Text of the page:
Sri Lanka, where they converted the king to Buddhism, and turned the
island into a stronghold where the religion could thrive, despite it's allbut-demise in much of Asia.
Asoka also did much for the reputation of Buddhism, in the respect
that he dealt with the problem of monks and nuns in the Sangha who
joined for purely material reasons, such as the shelter and food that was
provided free of charge, and made for an easier life than having to work
for one's own upkeep. By forcing these parasitic monks and nuns to
leave, via means of the Third Buddhist Council, he preserved the
integrity of the Sangha, and ensured that Buddhism would spread and
ensure its long term survival, and not waste its resources on those who
were only involved for personal gain.
b) Asoka was not a good Buddhist. Discuss.
(10 marks)
While the work of emperor Asoka was undoubtedly paramount to
Buddhism's long term survival, it could be argued that perhaps due to his
past, or because the values he spread were not strictly Buddhist, that he
was not as good as he is often seen to be.
To decide whether Asoka was indeed a good Buddhist, it must be
asked what is meant by the term 'good'. On one side of the argument, it
could be said that the work he did for the spread and recognition of
Buddhism makes him without doubt a good follower of the religion.
Asoka's support of concepts such as metta (lovingkindness), karuna
(compassion), and ahimsa (non-violence), while no doubt helping the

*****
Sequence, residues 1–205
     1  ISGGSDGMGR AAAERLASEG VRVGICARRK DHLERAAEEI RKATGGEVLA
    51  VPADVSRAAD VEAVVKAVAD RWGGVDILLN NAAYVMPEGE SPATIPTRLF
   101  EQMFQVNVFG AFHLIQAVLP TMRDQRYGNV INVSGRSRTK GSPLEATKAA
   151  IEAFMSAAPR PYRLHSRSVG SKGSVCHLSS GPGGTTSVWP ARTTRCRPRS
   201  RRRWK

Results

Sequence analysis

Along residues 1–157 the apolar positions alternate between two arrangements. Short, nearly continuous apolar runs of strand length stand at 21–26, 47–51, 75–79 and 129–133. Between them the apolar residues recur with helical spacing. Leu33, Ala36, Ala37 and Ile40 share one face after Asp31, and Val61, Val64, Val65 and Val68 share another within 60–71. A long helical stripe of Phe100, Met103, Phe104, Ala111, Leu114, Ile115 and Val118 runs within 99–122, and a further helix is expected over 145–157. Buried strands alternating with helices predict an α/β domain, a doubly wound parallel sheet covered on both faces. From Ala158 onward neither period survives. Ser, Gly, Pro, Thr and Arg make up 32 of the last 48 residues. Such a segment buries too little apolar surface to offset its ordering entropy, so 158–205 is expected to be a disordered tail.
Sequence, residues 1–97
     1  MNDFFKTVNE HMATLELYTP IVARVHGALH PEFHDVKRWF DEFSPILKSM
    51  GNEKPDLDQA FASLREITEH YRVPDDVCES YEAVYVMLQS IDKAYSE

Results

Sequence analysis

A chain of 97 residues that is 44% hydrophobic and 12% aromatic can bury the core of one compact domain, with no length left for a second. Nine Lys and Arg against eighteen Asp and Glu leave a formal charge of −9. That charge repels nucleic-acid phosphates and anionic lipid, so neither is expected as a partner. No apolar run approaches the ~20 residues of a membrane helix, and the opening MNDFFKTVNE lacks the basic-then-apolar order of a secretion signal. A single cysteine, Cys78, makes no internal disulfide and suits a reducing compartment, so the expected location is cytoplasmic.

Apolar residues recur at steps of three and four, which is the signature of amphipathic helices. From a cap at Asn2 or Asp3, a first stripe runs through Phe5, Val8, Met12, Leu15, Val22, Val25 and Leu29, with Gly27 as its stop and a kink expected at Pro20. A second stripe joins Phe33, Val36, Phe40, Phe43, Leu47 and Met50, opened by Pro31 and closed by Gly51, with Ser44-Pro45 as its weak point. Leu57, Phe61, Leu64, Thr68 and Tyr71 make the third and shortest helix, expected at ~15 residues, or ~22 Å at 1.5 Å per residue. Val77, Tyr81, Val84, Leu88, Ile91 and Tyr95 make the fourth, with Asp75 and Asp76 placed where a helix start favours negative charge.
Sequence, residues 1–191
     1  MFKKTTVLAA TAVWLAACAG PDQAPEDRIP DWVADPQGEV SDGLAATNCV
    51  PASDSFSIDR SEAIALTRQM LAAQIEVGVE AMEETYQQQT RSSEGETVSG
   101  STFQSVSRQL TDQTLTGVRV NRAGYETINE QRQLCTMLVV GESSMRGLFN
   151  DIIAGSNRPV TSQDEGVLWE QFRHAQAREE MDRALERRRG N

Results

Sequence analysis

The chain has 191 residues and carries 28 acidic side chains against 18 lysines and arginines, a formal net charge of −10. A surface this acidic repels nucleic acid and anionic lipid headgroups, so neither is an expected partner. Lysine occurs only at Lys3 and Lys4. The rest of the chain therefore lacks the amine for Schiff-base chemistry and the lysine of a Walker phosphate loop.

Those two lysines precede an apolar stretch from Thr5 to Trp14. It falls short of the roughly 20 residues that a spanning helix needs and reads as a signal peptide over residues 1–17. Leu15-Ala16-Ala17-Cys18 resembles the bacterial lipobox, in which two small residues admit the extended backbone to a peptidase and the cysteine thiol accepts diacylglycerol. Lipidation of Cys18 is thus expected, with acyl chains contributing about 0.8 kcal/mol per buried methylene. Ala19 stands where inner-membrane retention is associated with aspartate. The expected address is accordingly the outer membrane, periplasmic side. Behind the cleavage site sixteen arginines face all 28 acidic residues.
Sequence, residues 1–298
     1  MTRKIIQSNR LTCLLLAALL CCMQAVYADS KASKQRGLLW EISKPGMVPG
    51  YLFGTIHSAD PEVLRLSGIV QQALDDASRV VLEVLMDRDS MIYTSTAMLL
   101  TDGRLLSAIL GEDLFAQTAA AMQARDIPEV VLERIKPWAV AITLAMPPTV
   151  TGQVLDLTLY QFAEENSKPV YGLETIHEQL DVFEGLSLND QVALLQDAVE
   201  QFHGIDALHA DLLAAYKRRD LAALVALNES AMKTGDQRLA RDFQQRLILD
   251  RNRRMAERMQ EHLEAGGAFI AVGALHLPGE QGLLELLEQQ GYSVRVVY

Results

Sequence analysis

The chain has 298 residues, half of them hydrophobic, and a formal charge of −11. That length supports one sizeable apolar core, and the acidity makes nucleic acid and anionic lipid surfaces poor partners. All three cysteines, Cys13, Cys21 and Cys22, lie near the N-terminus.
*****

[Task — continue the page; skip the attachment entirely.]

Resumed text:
welfare of his empire, could be seen as not unique to Buddhism, and
therefore his actions as specifically a good Buddhist, as opposed to
merely a pacifistic leader, are questionable. By using the term 'good
Buddhist', it is implied that he did something or things which went above
and beyond the call of his religion, whereas some may argue that he was
simply fulfilling his duties, and was not in fact a particularly extraordinary
Buddhist at all.
It could be strongly argued that some of the perhaps unintentional
side effects of Asoka's spread of Buddhism mean that he was not a good
follower. The king of Sri Lanka reportedly said that non-believers were
little more than animals because of their alternative faiths, which while
not a directly result of Asoka's work or orders, could reflect badly on him,
to the extent where he was not considered a good Buddhist.
Perhaps the strongest argument against Asoka's place as a good
Buddhist is the distinct lack of any mention of him in Theravadin
chronicles, as noted by Richard Gombrich in his book Theravada
Buddhism. If this absence does indeed prove that his most well known
contribution is indeed not his at all, then he is of little relevance to
Buddhism's early spread, and is not so much of a saviour for the religion

as is widely believed.
My personal opinion is that while Asoka's past should certainly not
be overlooked, his contribution to the spread of Buddhist values around
Asia is invaluable, although as mentioned above, I believe that he was
simply fulfilling his religious duty, and was not a Buddhist that stood out
from the rest, and perhaps is only recognised specifically today because
of his high political status.